When it comes to architecture that may as well be considered fine art, Japanese architecture may as well be a Monet. Japanese architecture has an extensive history and a very distinct aesthetic that is recognizable even if you know nothing about architecture.
A lot of Japanese architecture roots itself in religion, finding inspiration in beliefs drawn from Shinto and Buddhism. With both religions based in nature and spiritualism, much of Japanese architecture centers on the outside world and the spiritual realm beyond human existence.
What we now identify as Japanese architecture can be traced back all the way to the 7th century, but it's gone through many evolutions over time.
Key Elements of Japanese Architecture
Japanese architecture is centered on religion, and because of that, many of the most important Japanese buildings were shrines. These structures showcased the most elaborate and intricate architecture, focused on prayer and worship.
Wood has traditionally been the most popular material in Japanese architecture, so many structures feature this natural material. Moveable screens called shoji that help to connect the space to the outdoors are also widely used in Japanese architecture. Because glass isn't as commonly utilized throughout the home, these are typically made from paper to allow natural light to come through.
Additionally, most Japanese structures will have a wooden veranda (called an engawa) that runs around the outside of the house, another element that connects the home to the natural world. Most also have a genkan, or a lower level to remove shoes before you enter. This is almost like a mudroom in Western architecture, and is traditionally where guests are greeted when they come in.
Another key element of most Japanese homes is tatami floors. These mats are made of rice straw, and are the center of many Japanese customs. They are soft underfoot but durable for longtime use.
The History of Japanese Architecture
The history of Japanese architecture is vast and extensive, but we'll cover the key components. As stated earlier, what we now think of as traditional Japanese architecture dates back all the way to the 7th century. Heavily influenced by Chinese and Korean architecture, this is around the time that Japanese architecture began to take on its own distinctive look and feel, and was largely dominated by wooden structures.
The Edo period, between the 17th and 19th centuries, is another unique era of Japanese architecture. This is when machiya (similar to townhouses) began to become more and more popular. A machiya typically sat on a deep plot and was adored with tiles and exposed timbers. Following this period, Japanese architecture began to resemble Western architecture.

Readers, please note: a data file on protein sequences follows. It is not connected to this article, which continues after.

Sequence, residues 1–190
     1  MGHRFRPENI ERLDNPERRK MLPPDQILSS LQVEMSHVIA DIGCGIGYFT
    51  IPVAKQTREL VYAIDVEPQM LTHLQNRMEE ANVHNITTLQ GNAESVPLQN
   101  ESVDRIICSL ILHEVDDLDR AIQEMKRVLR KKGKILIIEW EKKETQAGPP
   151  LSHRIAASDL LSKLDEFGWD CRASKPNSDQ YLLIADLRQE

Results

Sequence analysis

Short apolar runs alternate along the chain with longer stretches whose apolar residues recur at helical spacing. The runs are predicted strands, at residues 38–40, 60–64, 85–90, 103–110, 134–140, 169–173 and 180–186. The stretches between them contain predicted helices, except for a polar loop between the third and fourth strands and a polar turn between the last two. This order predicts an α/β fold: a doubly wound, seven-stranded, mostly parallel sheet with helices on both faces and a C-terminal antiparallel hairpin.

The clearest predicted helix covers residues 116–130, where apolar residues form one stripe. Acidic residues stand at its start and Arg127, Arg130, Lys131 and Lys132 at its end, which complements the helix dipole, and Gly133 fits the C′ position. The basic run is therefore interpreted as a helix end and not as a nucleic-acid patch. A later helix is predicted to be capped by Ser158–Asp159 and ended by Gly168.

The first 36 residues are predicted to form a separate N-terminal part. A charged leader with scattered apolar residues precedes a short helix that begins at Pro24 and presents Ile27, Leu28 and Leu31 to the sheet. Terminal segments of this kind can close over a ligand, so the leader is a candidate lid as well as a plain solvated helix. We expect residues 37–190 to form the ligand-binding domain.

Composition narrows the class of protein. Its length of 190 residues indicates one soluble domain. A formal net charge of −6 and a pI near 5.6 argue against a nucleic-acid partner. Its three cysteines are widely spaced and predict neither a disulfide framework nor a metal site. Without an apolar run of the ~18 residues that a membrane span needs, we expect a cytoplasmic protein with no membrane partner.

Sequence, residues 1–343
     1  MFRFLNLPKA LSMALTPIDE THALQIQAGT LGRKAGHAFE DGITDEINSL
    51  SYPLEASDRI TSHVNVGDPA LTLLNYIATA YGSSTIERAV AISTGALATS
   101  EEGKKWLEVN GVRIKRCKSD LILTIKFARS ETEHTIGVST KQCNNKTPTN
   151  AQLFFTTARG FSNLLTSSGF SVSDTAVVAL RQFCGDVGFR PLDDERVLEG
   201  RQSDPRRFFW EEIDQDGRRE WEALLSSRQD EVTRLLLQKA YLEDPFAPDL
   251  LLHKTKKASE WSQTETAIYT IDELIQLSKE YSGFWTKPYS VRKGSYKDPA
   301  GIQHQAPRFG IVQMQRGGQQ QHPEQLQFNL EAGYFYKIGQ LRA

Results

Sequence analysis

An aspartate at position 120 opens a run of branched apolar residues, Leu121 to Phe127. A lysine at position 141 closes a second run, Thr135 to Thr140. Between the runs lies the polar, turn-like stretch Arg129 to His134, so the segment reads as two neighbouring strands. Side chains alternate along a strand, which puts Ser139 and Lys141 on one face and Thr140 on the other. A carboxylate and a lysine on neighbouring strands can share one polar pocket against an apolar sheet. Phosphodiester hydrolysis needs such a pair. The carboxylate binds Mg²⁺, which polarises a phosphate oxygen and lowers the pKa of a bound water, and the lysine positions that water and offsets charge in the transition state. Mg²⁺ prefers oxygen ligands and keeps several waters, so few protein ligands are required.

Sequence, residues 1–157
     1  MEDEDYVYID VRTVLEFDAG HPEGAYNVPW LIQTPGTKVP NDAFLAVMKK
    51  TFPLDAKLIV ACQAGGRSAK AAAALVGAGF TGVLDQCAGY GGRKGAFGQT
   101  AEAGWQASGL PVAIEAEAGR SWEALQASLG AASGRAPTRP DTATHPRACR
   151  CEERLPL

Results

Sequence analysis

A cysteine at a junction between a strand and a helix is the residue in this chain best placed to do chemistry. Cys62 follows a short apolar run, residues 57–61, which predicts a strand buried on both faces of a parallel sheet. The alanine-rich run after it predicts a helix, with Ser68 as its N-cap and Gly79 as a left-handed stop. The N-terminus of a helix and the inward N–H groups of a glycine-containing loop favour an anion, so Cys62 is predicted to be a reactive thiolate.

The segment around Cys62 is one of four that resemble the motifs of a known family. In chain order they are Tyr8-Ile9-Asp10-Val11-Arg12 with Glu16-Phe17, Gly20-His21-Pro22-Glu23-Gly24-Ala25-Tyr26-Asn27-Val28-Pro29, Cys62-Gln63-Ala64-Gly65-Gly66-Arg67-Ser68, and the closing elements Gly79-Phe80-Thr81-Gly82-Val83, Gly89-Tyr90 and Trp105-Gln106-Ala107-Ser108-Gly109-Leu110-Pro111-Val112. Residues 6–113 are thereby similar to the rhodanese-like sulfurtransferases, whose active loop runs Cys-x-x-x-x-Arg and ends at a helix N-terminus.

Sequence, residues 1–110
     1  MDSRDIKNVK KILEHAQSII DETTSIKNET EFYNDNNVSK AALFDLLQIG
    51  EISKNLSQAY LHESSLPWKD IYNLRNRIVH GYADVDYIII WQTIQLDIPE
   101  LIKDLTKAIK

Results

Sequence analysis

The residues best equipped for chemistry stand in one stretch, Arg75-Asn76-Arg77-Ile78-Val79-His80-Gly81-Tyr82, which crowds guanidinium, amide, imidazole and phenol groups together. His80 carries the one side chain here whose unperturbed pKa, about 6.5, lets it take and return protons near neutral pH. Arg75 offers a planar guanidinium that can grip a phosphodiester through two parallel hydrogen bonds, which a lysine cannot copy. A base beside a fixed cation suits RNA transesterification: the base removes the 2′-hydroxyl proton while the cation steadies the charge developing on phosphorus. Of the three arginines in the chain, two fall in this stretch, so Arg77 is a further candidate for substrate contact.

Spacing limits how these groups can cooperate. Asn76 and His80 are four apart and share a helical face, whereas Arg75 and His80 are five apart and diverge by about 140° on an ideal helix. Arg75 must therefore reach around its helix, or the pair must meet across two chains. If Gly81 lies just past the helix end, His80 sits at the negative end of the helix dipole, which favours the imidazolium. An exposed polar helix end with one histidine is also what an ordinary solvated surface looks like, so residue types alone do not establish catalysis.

By the late 19th century, Western-style interiors became more prominent across Japan. Some structures fused Japanese and Western styles together, with traditional coffered ceilings paired with parquet floor and delicate chandeliers. Until the early 20th century, most Japanese people still lived in traditional dwellings, but today much of Japanese architecture resembles that of the west, with modern amenities and materials.
Materials Used in Japanese Architecture
One of the most traditional materials seen in Japanese architecture is wood. The use of wood dates back all the way to the 7th century; it was cheaper than stone and originated in Japan. It was often left unpainted to allow the natural beauty of the grain to shine through. Cedar was popular due to its beautiful grain, while pine was often used to provide structure. Cypress is a common material seen in roofing.
By the late 19th century, stone and cement became more popular in residential structures and homes. Even so, wood is still a commonly used material because it helps to ground the building and give it that zen connection to the outdoors.
Facts About Japanese Architects
Three famous contemporary Japanese architects you may have heard of include Tadao Ando, Arata Isozaki and Kengo Kuma.
Tadao Ando is considered one of the godfathers of contemporary Japanese architecture and has won many prestigious awards. He has worked with famed western architects like Frank Lloyd Wright and focuses on minimalist aesthetics.
Kengo Kuma is another architect known for transforming contemporary Japanese architecture. His designs are deeply rooted in traditional Japanese styles, and his use of wood is key to his designs. Many of his structures focus on the use of light and the presence of nature.
Japanese architecture has a rich history that's deeply rooted in nature and religion. While many elements of Japanese architecture are easily recognizable, it's always evolving and changing—just like western architecture.